After Zionism, published in 2012 and 2013 with co-editor Ahmed Moor, brings together some of the world s leading thinkers on the Middle East question to dissect the century-long conflict between Zionism and the Palestinians, and to explore possible forms of a one-state solution. Time has run out for the two-state solution because of the unending and permanent Jewish colonization of Palestinian land. Although deep mistrust exists on both sides of the conflict, growing numbers of Palestinians and Israelis, Jews and Arabs are working together to forge a different, unified future. Progressive and realist ideas are at last gaining a foothold in the discourse, while those influenced by the colonial era have been discredited or abandoned. Whatever the political solution may be, Palestinian and Israeli lives are intertwined, enmeshed, irrevocably. This daring and timely collection includes essays by Omar Barghouti, Jonathan Cook, Joseph Dana, Jeremiah Haber, Jeff Halper, Ghada Karmi, Antony Loewenstein, Saree Makdisi, John Mearsheimer, Ahmed Moor, Ilan Pappe, Sara Roy and Phil Weiss.
The 2008 financial crisis opened the door for a bold, progressive social movement. But despite widespread revulsion at economic inequity and political opportunism, after the crash very little has changed. Has the Left failed? What agenda should progressives pursue? And what alternatives do they dare to imagine? Left Turn, published by Melbourne University Press in 2012 and co-edited with Jeff Sparrow, is aimed at the many Australians disillusioned with the political process. It includes passionate and challenging contributions by a diverse range of writers, thinkers and politicians, from Larissa Berendht and Christos Tsiolkas to Guy Rundle and Lee Rhiannon. These essays offer perspectives largely excluded from the mainstream. They offer possibilities for resistance and for a renewed struggle for change.
The Blogging Revolution, released by Melbourne University Press in 2008, is a colourful and revelatory account of bloggers around the globe why live and write under repressive regimes - many of them risking their lives in doing so. Antony Loewenstein's travels take him to private parties in Iran and Egypt, internet cafes in Saudi Arabia and Damascus, to the homes of Cuban dissidents and into newspaper offices in Beijing, where he discovers the ways in which the internet is threatening the ruld of governments. Through first-hand investigations, he reveals the complicity of Western multinationals in assisting the restriction of information in these countries and how bloggers are leading the charge for change. The blogging revolution is a superb examination about the nature of repression in the twenty-first century and the power of brave individuals to overcome it. It was released in an updated edition in 2011, post the Arab revolutions, and an updated Indian print version in 2011.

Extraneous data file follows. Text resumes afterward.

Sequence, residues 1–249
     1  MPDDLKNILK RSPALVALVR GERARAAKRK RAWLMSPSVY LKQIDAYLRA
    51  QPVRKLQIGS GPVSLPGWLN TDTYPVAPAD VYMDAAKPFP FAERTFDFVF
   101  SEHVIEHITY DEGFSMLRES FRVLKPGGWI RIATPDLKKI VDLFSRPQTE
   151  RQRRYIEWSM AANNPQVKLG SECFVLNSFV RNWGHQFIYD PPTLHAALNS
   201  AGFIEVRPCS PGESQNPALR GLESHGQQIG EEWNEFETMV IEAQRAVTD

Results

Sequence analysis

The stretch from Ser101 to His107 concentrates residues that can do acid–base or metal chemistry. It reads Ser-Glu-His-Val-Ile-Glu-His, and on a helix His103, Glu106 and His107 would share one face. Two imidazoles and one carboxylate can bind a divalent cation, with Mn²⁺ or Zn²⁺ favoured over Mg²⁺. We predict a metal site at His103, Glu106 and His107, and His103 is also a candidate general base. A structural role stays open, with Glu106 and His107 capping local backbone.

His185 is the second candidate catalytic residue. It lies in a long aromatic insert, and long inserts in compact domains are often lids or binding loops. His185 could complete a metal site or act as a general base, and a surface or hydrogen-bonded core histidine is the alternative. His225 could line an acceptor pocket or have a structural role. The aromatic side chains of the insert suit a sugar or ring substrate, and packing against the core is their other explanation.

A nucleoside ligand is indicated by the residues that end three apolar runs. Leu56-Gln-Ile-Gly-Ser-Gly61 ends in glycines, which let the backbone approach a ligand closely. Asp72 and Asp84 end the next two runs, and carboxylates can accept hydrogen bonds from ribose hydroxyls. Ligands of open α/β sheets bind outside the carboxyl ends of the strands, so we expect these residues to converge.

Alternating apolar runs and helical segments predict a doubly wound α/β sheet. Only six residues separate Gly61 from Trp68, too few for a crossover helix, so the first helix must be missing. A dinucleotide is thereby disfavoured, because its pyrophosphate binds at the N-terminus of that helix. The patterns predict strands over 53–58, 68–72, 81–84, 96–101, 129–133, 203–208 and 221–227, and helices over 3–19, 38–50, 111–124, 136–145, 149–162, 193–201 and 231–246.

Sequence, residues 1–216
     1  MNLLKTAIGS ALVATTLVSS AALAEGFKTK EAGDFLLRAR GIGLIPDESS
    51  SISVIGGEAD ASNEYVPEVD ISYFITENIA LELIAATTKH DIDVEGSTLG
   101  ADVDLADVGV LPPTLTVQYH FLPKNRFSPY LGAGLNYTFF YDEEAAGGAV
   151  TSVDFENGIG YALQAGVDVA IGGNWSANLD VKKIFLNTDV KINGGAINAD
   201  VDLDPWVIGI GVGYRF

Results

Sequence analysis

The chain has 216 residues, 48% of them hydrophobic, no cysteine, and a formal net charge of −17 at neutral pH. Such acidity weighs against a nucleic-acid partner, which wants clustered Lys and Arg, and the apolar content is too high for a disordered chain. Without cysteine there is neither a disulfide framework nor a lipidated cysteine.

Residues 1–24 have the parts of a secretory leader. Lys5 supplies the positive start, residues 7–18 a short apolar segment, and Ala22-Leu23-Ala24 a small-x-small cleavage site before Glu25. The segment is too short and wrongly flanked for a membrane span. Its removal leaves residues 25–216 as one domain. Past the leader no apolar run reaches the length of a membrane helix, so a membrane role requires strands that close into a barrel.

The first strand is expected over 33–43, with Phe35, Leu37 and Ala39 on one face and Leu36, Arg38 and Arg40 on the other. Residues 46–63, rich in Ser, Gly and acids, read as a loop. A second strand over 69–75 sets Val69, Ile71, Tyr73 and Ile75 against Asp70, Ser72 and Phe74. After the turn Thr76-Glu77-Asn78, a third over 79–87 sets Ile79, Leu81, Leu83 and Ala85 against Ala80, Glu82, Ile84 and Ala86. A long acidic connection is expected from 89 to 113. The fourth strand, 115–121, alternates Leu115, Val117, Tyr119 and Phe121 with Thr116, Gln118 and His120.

The best-selling book on the Israel/Palestine conflict, My Israel Question - on Jewish identity, the Zionist lobby, reporting from Palestine and future Middle East directions - was released by Melbourne University Press in 2006. A new, updated edition was released in 2007 (and reprinted again in 2008). The book was short-listed for the 2007 NSW Premier's Literary Award. Another fully updated, third edition was published in 2009. It was released in all e-book formats in 2011. An updated and translated edition was published in Arabic in 2012.

What can the internet really do?

Ethan Zuckerman, co-founder of Global Voices, is a leading thinker on the benefits and limitations of the web and social groups. He isn’t a net evangelist or pessimist. His eloquence is unlike many other people.